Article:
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Discussion Starter #1 (Edited)
For those who don't know me. I am training to do my first Marathon in October and I am going to follow Hal Higdons guide for novices.

In his training schedule the longest run you have is 20 miles. (I thought it would be slightly further)


So my question is.... When I come to do the 20 mile run, if I feel ok should I try and go to maybe 22 miles or stop at 20.

It's just that psychologically if I only do 20 miles in training I know that I would still have the distance of 10K to do on top of that on the day of the Marathon. Where as if I did 22 miles in training, come that point during the Marathon I would know I would only have 4.2 miles left to do, which I think would be easier mentally.

Hope this makes sense :confused:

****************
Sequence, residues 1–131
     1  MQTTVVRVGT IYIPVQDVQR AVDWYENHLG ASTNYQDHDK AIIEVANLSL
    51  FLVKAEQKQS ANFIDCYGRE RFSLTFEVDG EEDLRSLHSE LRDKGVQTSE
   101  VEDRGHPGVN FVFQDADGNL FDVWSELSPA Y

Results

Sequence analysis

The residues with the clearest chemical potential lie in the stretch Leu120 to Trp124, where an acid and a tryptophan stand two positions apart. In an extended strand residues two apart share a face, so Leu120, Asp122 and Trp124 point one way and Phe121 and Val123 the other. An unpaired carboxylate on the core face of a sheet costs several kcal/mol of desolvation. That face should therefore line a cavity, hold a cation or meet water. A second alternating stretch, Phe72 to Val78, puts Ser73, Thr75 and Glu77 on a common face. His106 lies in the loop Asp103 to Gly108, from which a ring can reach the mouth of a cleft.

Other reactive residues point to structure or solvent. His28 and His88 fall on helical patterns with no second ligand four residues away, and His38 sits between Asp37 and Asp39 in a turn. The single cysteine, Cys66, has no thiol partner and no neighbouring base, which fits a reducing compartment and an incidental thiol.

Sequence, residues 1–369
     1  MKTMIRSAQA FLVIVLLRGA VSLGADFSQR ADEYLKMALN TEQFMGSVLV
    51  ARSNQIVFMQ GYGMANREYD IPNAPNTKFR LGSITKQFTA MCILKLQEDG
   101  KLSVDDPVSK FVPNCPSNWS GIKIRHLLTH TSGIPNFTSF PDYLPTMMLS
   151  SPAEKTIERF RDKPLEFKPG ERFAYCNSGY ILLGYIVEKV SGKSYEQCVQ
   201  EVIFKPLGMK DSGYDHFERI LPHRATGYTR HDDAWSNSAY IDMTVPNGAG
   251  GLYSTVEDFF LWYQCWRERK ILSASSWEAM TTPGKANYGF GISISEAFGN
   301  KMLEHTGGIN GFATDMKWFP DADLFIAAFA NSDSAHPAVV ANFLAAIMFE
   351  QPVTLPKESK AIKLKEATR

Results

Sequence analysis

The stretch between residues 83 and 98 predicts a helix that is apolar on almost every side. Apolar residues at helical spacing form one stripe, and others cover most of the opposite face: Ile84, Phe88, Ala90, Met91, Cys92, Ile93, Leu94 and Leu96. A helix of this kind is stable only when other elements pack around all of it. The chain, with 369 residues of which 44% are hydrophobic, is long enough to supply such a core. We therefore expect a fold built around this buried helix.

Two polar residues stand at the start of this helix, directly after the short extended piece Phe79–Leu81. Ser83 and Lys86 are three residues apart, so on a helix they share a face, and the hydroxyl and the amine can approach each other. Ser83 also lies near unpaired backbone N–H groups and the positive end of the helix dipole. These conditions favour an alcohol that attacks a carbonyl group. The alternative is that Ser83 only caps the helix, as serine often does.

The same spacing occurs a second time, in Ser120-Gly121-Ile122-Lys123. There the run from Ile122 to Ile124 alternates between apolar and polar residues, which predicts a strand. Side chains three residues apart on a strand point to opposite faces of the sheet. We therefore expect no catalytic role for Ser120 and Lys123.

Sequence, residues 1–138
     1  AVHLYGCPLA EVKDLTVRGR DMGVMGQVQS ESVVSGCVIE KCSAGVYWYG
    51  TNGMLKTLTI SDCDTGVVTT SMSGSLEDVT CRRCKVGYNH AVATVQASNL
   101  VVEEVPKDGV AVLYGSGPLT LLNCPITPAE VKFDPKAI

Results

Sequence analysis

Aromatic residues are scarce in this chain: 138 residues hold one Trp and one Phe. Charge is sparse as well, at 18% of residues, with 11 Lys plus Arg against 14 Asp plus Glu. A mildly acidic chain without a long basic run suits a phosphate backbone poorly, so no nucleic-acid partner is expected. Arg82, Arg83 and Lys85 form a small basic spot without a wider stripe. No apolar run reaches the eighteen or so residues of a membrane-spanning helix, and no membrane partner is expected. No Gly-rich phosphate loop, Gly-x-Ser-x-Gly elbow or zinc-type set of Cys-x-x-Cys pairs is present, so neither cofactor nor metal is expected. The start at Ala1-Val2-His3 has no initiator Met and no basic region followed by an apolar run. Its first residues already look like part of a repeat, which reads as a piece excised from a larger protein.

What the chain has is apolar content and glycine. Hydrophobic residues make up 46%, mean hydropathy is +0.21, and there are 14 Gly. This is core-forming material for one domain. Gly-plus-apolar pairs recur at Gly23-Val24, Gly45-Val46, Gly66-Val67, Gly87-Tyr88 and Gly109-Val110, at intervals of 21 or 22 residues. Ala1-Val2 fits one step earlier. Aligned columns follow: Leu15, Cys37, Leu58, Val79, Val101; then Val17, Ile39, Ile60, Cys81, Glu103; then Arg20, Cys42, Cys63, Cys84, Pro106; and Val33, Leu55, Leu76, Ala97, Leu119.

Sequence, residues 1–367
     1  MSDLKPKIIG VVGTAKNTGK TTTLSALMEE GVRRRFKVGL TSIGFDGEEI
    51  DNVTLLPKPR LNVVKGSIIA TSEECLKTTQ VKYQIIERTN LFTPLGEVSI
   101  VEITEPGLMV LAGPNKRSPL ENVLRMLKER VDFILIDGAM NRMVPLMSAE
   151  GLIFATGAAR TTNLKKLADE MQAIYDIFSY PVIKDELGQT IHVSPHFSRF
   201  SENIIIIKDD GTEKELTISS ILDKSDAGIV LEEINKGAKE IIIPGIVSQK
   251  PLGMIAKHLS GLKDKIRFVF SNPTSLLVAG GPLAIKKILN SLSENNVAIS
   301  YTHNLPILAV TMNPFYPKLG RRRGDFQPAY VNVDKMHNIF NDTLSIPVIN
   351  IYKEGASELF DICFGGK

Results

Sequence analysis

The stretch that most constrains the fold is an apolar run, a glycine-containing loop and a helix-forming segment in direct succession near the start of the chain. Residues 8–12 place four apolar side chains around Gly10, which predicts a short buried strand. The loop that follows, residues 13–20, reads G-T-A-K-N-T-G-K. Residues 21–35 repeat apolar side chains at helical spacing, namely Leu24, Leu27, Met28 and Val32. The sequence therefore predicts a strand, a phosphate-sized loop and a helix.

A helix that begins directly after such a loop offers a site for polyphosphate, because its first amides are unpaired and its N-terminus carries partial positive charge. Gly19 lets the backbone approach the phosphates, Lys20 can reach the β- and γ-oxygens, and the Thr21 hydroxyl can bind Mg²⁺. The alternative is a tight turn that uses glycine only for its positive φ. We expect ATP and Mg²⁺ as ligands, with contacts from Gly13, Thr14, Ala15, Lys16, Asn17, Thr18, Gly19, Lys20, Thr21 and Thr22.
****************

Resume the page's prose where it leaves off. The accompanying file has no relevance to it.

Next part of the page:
Richard
 

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Most people training for a marathon, I think, will not do more than 20 miles in a single session. The reason is that you tend to hit the wall around this distance and use up all your body's glycogen reserves, so any more mileage is just too tough on the body. It's ok to do once in a while when racing, but not recommended for training purposes. If you are doing a sufficient weekly mileage and doing a 16-20 mile run once a week, you should have no problem completing the marathon. I don't think (marathon runners will be able to better advise) adding a few miles on top of the 20 in a session is going to prove beneficial.
 

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Discussion Starter #3
Thanks for the quick reply JBBury. What you are saying makes total sense to me.

I've just checked how much training I will have to do during the week that I have to do the 20 mile run. I have two runs of 5 miles and one of 10. So yes, there is a fair bit of mileage that week.

Looks like I will be stopping at 20 miles for training purposes.

Cheers
Richard
 

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However, my schedule takes me up to 21-22 miles, which I do once. It works for me, probably more on a psychological way than anything else